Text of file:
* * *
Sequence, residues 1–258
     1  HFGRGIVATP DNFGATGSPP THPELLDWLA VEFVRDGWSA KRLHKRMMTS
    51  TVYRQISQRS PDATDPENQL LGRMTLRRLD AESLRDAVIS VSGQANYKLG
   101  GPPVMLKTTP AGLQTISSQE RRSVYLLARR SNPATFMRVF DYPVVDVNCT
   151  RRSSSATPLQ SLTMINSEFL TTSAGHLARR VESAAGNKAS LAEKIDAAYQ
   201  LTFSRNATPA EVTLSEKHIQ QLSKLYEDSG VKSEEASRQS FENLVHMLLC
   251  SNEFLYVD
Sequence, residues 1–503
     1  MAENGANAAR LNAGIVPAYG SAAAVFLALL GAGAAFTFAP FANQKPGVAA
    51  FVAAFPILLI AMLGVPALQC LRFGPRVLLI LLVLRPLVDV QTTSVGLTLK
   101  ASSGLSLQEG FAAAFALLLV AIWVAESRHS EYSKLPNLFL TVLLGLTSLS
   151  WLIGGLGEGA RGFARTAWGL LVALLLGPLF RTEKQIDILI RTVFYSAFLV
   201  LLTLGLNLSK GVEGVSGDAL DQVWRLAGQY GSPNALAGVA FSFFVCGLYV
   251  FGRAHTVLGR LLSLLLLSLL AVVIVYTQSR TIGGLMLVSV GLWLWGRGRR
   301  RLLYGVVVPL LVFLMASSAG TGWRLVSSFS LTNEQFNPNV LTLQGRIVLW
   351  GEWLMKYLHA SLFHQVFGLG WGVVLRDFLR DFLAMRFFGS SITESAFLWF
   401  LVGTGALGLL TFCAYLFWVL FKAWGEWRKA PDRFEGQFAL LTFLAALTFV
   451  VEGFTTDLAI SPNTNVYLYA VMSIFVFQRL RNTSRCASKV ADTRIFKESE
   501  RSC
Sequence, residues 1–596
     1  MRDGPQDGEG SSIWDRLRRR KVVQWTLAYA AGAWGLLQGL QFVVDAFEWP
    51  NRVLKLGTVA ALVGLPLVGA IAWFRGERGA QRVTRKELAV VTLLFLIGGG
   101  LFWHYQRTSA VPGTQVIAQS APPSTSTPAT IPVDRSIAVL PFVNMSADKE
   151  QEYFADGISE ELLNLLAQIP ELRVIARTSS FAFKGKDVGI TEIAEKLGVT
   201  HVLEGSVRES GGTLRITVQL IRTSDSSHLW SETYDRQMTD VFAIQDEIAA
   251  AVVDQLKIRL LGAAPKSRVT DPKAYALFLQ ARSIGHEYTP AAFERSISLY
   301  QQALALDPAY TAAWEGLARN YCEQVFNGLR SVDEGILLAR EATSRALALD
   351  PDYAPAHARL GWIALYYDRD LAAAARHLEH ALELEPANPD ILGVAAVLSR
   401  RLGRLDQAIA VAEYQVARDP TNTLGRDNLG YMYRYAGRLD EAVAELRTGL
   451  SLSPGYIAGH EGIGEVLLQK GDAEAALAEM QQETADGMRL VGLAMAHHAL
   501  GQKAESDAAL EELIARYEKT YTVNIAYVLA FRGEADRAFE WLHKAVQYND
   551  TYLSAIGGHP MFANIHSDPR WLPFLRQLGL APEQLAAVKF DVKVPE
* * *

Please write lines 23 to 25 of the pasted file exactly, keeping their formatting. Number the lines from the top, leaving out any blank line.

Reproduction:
   101  LFWHYQRTSA VPGTQVIAQS APPSTSTPAT IPVDRSIAVL PFVNMSADKE
   151  QEYFADGISE ELLNLLAQIP ELRVIARTSS FAFKGKDVGI TEIAEKLGVT
   201  HVLEGSVRES GGTLRITVQL IRTSDSSHLW SETYDRQMTD VFAIQDEIAA